Whether he’s using his clean, dirty, whiney, creepy, guttural, screaming, singing, talking, or whispering vocals, Anders’ distinct voices make you feel as if you are right there along side of him, understanding in clear detail whatever he has gone through, or adversely, that he’s speaking directly to you and has put your thoughts, emotions, and experiences into something you can physically hold in your hands.
While In Flames has publicly claimed that they do not care about the criticism from fans regarding the past two releases, I do believe they took note. “Battles” is heavier than “Siren Charms,” but lighter than “Sounds of a Playground Fading”; its somewhere deliciously in the middle.
I’m not going to compare “Battles” to releases prior to 2010, because In Flames ARE a different band, and that is OK. They are entitled to be a different band through growth and the departure of Stromblad and Svennson, both long term and heavily contributing members. I imagine you are a different person as well.
To the fans and reviewers that have hopped on the “In Flames suck since Jesper Stromblad left,” bandwagon, or “They used to be a good band, but now they are too commercial, mainstream, or light.” I say to you — You are missing out on a great band who has grown with the times, stuck with it amongst internal turmoil, honed their skill, risen to the challenge, and continue to consistently pour the essence of their soul out in every release. The depth and breadth of “Battles,” is remarkable. It will take you places you have been and allow you to be awestruck with the beauty of music.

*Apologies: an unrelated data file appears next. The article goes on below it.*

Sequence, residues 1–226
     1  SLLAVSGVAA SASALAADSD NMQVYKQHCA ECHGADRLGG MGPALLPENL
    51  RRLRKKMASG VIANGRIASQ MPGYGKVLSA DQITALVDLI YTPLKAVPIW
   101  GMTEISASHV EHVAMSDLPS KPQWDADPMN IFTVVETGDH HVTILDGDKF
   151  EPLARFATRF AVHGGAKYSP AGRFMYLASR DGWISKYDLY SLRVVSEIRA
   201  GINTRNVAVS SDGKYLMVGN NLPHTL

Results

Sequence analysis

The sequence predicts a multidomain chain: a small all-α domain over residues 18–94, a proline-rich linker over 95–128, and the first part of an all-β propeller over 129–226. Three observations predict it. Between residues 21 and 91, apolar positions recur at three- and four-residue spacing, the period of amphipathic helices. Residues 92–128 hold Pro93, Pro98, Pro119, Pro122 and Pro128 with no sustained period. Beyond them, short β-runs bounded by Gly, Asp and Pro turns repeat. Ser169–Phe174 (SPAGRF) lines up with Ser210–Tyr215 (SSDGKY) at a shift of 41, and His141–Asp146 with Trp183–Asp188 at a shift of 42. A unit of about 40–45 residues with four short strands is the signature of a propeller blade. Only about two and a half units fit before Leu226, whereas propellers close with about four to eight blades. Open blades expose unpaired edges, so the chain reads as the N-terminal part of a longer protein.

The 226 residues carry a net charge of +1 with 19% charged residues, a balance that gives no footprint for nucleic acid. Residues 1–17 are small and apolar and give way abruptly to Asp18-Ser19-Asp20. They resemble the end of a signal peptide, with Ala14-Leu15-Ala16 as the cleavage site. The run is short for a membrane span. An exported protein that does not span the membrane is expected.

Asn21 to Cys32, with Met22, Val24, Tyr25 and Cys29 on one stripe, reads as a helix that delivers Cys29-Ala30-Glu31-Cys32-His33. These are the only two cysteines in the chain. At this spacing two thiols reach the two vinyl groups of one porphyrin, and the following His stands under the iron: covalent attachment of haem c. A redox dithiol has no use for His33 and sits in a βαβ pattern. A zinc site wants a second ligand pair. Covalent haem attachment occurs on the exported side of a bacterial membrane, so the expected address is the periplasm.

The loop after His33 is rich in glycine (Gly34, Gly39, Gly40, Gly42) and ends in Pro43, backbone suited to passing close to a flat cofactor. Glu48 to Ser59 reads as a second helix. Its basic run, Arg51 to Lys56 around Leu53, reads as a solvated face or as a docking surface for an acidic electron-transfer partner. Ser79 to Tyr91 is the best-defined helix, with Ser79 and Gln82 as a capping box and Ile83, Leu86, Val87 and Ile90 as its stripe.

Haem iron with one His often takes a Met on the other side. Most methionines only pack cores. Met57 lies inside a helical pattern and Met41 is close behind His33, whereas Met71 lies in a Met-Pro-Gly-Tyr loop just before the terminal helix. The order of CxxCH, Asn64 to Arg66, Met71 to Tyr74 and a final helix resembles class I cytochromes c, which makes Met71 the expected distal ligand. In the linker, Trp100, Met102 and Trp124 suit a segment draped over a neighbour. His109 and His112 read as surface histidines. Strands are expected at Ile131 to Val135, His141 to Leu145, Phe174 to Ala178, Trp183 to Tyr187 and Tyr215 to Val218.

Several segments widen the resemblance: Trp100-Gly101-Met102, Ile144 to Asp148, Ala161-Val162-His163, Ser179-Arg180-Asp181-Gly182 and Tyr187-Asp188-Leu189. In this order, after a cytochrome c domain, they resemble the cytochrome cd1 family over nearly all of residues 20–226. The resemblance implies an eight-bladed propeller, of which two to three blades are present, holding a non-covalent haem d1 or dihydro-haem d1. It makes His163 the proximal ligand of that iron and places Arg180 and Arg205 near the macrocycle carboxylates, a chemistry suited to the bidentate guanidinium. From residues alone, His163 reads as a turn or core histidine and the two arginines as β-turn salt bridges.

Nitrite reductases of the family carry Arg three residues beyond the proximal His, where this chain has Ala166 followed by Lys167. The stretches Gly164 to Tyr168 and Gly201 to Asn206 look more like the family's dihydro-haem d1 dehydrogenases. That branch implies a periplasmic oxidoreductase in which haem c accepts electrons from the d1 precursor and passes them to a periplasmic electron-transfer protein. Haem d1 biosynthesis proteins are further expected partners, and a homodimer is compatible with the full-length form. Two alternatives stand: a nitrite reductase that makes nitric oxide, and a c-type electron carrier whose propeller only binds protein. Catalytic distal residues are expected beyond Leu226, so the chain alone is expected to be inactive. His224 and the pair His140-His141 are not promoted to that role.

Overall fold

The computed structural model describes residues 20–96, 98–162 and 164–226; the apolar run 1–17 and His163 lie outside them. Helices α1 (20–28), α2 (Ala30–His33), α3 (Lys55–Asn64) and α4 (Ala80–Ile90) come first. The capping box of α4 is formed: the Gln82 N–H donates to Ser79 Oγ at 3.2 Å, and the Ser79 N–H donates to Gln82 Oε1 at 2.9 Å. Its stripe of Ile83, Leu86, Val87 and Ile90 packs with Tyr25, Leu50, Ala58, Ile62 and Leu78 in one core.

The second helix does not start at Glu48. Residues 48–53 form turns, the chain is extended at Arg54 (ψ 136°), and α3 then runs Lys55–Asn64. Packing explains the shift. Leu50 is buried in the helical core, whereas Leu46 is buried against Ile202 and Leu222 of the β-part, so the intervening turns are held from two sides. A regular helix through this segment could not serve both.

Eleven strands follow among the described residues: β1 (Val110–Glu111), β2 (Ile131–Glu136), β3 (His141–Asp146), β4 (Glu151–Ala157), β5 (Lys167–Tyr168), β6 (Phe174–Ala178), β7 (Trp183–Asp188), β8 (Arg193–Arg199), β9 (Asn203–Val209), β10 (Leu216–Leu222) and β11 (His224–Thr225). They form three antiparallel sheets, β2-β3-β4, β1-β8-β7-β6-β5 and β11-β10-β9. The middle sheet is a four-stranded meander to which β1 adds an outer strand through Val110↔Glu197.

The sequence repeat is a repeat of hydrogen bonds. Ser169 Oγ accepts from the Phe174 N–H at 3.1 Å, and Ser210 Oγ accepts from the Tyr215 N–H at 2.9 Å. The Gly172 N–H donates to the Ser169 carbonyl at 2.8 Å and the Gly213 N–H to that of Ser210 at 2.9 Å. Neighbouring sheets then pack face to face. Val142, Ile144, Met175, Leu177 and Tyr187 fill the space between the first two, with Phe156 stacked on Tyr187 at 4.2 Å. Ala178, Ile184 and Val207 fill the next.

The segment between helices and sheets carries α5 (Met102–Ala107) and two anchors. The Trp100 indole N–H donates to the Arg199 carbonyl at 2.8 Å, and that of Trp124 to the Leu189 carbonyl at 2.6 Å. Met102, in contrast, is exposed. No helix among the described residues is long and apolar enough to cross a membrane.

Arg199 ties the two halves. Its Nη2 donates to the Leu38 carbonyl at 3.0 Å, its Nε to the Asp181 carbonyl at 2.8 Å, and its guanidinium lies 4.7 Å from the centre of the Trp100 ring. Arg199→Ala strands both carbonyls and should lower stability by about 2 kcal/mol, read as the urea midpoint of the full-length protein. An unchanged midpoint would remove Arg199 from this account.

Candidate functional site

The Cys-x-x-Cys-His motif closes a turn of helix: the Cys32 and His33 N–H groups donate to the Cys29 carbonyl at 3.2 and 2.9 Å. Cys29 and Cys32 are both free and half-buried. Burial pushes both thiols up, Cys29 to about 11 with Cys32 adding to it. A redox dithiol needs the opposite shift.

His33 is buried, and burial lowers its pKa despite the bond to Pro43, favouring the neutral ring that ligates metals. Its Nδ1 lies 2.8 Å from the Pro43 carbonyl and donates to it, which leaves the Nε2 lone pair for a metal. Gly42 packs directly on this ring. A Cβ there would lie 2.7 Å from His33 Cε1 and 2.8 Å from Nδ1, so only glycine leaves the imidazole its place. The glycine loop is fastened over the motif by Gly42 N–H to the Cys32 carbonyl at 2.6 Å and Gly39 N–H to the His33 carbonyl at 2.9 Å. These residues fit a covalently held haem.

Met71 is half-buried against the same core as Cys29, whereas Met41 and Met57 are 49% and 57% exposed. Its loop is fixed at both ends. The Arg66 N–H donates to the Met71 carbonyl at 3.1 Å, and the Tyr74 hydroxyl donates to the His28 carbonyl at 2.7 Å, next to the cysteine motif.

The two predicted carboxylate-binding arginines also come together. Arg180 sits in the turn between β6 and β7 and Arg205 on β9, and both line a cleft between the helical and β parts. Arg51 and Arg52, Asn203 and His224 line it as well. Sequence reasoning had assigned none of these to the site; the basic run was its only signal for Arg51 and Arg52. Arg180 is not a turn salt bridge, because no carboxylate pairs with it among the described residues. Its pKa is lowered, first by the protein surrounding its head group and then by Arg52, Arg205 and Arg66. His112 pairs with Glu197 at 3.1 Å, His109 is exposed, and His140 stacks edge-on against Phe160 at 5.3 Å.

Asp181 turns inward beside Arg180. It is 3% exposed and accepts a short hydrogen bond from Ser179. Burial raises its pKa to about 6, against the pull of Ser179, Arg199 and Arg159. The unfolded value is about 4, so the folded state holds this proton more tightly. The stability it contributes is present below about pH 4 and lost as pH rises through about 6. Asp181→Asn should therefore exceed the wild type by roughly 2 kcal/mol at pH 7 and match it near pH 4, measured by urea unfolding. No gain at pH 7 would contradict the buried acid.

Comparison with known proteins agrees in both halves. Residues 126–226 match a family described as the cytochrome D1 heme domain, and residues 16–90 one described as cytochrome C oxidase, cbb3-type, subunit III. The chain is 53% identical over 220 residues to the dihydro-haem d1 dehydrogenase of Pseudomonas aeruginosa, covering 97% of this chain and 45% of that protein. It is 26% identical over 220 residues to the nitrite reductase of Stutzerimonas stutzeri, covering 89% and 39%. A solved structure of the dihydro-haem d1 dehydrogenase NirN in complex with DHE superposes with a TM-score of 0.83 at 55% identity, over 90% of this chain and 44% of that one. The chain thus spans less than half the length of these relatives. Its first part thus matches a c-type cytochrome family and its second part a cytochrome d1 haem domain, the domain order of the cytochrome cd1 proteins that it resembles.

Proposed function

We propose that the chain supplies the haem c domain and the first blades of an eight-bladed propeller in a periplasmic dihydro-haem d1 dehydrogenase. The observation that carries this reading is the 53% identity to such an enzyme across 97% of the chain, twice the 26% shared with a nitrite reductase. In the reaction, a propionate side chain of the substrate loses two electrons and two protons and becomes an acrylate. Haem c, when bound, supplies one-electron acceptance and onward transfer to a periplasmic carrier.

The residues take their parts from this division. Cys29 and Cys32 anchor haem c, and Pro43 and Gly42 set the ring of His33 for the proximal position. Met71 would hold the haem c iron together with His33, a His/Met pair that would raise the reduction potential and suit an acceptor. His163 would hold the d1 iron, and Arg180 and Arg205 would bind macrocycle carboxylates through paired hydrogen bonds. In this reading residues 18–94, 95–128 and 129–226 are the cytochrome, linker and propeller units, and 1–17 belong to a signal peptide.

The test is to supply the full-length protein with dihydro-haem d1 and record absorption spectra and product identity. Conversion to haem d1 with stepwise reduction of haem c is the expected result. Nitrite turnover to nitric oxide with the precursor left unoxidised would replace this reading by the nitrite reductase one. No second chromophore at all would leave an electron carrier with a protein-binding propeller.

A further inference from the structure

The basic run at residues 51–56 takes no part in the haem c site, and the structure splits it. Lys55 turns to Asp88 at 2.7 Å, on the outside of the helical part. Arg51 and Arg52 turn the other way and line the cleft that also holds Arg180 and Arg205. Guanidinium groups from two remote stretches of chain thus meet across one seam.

I love this album and give it very high marks. My only criticism is the overuse of the choir in the background. One song is OK, but more than one is too much. The use of fans on “Siren Charms” was innovative and forward thinking. Here, it is a bit overdone and unnecessary, and comes across to me as too easy.
The other criticism I have is I personally have a dislike for the common “Woah A Woah…” It seems as if In Flames are a mature enough band now to always write and handle tangible lyrics. It is slight and only present for a moment, but to me it was a lost moment of potential brilliance, and a bit uninspiring.
If the masterpiece on “Sounds of a Playground Fading” is the song, “Sounds of a Playground Fading,” and “Monsters in the Ballroom” is the gem on “Siren Charms,” on “Battles” it is all songs. There is not a bad track on this release. Like with any masterpiece – to be fully understood and appreciated you must enjoy it in its entirety.
2. “The End”
3. “Like Sand”
4. “The Truth”
5. “In My Room”
6. “Before I Fall”
7. “Through My Eyes”
9. “Here Until Forever”
10. “Underneath My Skin”
12. “Save Me”
13. “Greatest Greed (Bonus track)”
14. ”Us Against the World (Bonus track)”
In Flames is:
• Anders Fridén – vocals
• Björn Gelotte – guitar
• Niclas Engelin – guitar
• Peter Iwers – bass
• Joe Rickard – drums